When we moved to Washington, D.C., we were quickly accepted as a couple at the University of Maryland. And soon after, when Howard became a curator at the Hirshhorn Museum and Sculpture Garden, we were invited, as a couple, as guests of Walter and Joan Mondale at the Vice President’s Mansion (I later became a good friend of both, and was invited to their home while he was running for President); and, during the same period that Milk recounts, I was invited to President Carter’s White House for a celebration of American poets, and was able to take Howard with me to the event. When we left Washington, soon after Milk’s death, The Washington Post announced Howard’s move to the Los Angeles County Museum of Art, along with his companion, my (giving my name) departure. In short, it now seems, upon seeing this movie, that San Francisco was not as open-minded, in some respects, as Washington, D.C.—one of the most slow-to-change cities in the nation. 
     I am not doubting, given the facts, that Milk made radical governmental changes in San Francisco and across the nation, particularly with regard to Anita Bryant’s terrifying attempts (much like some supporters of Trump) to take away gay rights, which Milk quite brilliantly stood up for. And I am sure that in San Francisco, the gay wealthy were not quick to embrace his open populism and his true challenges to the local governmental machines. I’m just saying that the facts rather startled me. I had no idea, at the time, that we gays were still being treated like deviants and second-class citizens in the most openly gay community in the national. Let me just admit, that this movie was terribly revealing to me, and brought a lot of tears to my eyes. Milk’s challenges to the young street boy, Cleve Jones, were even a bit shocking. 
     I too was taunted as a gay boy in my high school days in 1960, but that it had continued to happen in Phoenix (Jones’ hometown) in the mid-1970s tortured me. Maybe Howard and I, embedded in the liberal art and literary world, had just been isolated from what so many others suffered, even in totally liberal societies such as San Francisco. Today, I can only explain it that we were in the bubble that is now most of California.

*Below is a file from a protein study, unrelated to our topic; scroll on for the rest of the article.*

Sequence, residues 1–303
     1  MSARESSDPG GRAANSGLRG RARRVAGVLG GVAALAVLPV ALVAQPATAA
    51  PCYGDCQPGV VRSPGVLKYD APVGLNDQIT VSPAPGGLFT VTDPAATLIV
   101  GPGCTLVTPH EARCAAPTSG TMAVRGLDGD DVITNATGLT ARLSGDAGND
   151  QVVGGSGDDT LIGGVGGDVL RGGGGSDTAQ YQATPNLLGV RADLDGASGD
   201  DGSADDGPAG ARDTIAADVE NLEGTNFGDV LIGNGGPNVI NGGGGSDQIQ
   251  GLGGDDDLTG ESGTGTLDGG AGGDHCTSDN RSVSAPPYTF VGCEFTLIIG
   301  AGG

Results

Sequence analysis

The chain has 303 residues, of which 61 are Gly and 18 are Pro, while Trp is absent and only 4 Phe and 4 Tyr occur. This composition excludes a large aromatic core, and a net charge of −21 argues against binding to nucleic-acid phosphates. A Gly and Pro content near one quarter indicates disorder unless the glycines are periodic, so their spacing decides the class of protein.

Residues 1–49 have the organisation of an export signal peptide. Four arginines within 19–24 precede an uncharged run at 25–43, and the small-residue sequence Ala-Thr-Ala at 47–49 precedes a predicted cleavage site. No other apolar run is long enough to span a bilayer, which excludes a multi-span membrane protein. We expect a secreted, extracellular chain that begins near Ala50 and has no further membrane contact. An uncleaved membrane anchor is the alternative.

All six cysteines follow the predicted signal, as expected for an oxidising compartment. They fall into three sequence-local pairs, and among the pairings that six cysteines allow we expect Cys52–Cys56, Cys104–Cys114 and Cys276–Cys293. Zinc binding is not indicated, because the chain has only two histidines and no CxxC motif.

But Milk helped make that bubble, even if he had to offer up his own life to make it possible. And what you realize in watching Van Sant’s fine film is that it could revert to another reality in a flip of the hand. Well, maybe not that quickly, but in a blink and a nod. The rights the LBGT community has achieved are not there forever, and might be revoked, as they were in Weimar Germany, without our even imagining that possibility. Rights must be fought for, as Milk every day realized, and which helped to make him the hero that nearly everybody in the Castro perceived him to be. Around us there is always the bigotry and hate, despite even the protections of money, prestige, position, which I guess we had—although we never perceive it that way. Milk was a populist street-fighter, and knew that such a position might surely cost him his life.
      The way Penn beautifully portrays him, Milk always had a sense of hope and a delightfully sly smile that charmed the best of his friends and even the worst of his enemies. And perhaps it was that charming smile that finally got to the heart of the angry man hating himself for whom he was: Dan White, who after release from prison—shockingly only seven years for manslaughter instead of murder— committed suicide. He was no longer welcome in any major California community, had lost his marriage, and, clearly, his entire identity, even if he had been saved from what was surely a hate crime. Later, it came out that he had originally intended on killing two others, supervisor Ruth Carol Silver and future San Francisco mayor, Willie Brown.

Los Angeles, February 20, 2017